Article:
Jonathan Jeremiah – who’s lived all his life in London – still clearly remembers his childhood summer holidays in Ireland. His mother grew up in Tipperary, with fifteen brothers and sisters, and he and his own five siblings would visit her family, who “used to line us up like the Family von Trapp, and we’d all have to sing together”. Not so long ago, he returned to the country for a funeral, and after the ceremony, as is traditional, everyone retired to the local pub, where the wake inevitably continued. “We stayed till about 4 in the morning,” Jeremiah recalls, “and, one after the other, we all sang a song. No one skipped: you’re singing, she’s singing, he’s singing. I grew up around that kind of thing, where everybody sings together, and that’s what I’m trying to capture with my records: the sound of people together.”

It’s this organic, analogue sound that Jeremiah has pursued since his debut album, 2011’s A Solitary Man, described by the BBC as “elegant and soulful, a luscious artefact of 1970s songwriting class.” His latest collection, however, eclipses everything he’s achieved so far. Good Day showcases the remarkable depth of his craft, his wonderfully weary, warm voice carving out haunting melodies amid uncommonly sophisticated arrangements from The Heritage Orchestra’s Ben Trigg. It was recorded at Ray Davies’ Konk Studios, which Jeremiah describes as “a beautiful environment in which to get six or seven people together”, but he didn’t stop there, in fact cramming a 19-piece string and horn section into the room. The results? From the upbeat groove of opener ‘Good Day’ to ‘Long Night’, a mournful ode to endurance, via the widescreen drama of ‘Deadweight’, inspired, he lets slip, by Nancy Sinatra and Lee Hazlewood’s ‘Some Velvet Morning’, to the closing affirmation of the beautiful, finger-picked ‘Yes In A Heartbeat’, it’s an immediate yet timeless classic.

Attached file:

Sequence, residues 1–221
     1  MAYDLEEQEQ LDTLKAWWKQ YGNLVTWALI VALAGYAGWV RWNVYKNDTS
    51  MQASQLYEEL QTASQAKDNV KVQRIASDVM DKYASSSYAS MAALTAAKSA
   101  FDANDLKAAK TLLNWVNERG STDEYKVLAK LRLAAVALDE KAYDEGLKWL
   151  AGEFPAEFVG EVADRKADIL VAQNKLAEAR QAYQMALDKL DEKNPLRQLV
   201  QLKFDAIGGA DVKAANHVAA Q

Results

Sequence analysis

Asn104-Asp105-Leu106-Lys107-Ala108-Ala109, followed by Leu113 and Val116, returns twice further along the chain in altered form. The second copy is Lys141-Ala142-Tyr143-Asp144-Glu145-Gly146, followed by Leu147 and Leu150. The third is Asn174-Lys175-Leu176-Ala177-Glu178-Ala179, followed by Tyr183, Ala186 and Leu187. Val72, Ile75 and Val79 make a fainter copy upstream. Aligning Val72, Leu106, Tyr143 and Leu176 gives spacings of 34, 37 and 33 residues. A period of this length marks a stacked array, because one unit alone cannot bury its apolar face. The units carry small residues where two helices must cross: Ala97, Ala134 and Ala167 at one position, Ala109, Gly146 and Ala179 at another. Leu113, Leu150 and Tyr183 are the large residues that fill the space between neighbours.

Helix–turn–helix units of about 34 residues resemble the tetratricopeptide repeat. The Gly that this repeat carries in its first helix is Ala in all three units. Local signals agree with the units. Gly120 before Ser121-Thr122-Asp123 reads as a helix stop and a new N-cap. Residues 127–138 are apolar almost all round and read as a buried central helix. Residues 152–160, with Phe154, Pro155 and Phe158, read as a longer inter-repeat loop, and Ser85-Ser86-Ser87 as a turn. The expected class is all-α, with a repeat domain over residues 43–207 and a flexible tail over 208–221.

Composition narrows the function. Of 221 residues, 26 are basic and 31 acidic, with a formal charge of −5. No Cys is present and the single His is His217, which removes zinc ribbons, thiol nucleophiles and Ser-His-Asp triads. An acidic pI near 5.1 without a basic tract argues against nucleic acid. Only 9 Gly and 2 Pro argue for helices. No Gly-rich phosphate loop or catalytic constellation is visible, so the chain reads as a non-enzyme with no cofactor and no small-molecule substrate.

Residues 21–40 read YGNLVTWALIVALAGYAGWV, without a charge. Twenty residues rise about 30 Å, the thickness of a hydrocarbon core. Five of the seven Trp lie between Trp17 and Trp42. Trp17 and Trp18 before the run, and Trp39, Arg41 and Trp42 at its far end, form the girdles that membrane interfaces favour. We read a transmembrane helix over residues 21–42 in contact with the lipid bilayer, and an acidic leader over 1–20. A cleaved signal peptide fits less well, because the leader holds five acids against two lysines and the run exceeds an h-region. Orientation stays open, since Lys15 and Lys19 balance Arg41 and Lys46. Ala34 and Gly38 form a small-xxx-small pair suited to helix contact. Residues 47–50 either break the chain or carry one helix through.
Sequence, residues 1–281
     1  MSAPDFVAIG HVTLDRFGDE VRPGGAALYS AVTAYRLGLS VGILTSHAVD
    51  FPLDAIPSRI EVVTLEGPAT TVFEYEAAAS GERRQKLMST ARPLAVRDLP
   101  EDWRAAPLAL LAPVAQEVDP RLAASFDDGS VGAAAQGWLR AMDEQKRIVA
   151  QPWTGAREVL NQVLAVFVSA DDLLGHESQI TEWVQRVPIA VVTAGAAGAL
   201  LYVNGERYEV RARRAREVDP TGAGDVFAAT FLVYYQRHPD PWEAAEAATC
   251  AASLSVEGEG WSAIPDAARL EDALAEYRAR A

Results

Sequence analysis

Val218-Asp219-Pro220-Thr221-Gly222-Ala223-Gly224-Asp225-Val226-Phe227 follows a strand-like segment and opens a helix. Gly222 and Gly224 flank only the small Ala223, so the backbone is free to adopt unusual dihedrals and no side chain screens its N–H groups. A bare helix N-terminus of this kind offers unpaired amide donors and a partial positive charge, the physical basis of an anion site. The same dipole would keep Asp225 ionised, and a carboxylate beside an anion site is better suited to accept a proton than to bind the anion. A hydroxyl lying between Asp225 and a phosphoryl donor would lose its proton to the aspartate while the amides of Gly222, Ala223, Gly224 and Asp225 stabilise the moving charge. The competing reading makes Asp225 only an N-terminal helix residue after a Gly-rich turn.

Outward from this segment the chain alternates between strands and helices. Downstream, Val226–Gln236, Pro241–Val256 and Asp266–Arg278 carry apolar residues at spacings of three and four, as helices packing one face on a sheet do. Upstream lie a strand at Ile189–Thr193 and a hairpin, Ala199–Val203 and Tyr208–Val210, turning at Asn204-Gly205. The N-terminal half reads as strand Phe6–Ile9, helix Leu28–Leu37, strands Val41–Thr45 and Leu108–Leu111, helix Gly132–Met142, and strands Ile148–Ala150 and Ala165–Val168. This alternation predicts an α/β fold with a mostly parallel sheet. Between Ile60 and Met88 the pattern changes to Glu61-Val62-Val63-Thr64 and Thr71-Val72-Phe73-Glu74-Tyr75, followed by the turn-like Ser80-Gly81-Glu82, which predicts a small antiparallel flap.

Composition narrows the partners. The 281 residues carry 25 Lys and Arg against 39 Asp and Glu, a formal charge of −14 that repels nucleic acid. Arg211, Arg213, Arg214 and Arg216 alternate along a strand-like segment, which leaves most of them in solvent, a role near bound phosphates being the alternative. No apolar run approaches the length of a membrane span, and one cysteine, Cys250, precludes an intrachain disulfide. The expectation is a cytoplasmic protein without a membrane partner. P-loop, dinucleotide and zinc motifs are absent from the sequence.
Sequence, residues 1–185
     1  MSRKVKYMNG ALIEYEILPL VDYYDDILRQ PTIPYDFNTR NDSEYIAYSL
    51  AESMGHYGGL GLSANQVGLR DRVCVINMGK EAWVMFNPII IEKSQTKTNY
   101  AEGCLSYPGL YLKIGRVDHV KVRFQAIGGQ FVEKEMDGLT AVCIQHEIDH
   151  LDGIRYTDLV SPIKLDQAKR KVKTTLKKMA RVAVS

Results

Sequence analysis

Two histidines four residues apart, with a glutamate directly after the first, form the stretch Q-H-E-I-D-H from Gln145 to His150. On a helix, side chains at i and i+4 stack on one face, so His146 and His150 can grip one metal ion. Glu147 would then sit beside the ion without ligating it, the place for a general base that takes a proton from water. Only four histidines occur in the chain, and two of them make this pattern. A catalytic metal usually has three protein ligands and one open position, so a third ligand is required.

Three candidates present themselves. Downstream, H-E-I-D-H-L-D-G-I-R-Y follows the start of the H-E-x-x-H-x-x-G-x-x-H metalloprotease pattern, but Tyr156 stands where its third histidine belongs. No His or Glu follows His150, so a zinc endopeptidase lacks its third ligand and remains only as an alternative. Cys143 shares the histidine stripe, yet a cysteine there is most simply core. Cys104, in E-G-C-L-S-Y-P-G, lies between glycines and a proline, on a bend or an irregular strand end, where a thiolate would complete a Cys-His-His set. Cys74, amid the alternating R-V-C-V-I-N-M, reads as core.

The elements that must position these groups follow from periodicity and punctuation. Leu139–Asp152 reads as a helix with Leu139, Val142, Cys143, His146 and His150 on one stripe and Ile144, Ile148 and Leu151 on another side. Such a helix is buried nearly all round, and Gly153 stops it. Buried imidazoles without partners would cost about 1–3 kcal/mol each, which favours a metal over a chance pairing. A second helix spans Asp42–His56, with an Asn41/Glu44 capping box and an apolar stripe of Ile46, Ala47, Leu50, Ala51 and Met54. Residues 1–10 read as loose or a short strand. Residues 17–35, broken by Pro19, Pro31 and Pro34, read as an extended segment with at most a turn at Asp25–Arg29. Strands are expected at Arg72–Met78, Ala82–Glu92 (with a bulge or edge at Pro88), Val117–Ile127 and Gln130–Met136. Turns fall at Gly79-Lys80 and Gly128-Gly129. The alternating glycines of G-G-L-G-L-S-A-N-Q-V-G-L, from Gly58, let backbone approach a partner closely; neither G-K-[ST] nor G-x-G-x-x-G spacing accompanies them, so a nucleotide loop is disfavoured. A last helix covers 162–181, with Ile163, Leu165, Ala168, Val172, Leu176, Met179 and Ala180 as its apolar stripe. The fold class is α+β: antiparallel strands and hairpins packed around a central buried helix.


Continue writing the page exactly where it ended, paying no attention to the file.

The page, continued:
Jeremiah’s aesthetic is one that makes no secret of its nostalgic influences, many of which date back to the early 1970s. He’s not exactly sure what draws him to the era – “Maybe my dad played a record from 1972 and that’s the first time I ever fell in love, or I saw a photo of my parents, perhaps on holiday, and he played me something from that time” – but his work has always revealed an affection for, among others, Richie Havens, John Martyn, Bill Withers, Carole King and James Taylor. (“When I discovered him,” confesses the quietly spoken, colossally voiced singer – who, like Lee Hazlewood, had to overcome a speech impediment as a youngster – “I realised, ‘I can sing a song, and sing it the way that I sound!’”) Jeremiah also talks admiringly of Lou Adler, Carole King’s producer, as well as of Charles Stepney’s work for Chess and Cadet Records – especially with Minnie Riperton and Marlena Shaw – but it’s Scott Walker and Serge Gainsbourg who he insists had the greatest impact upon him.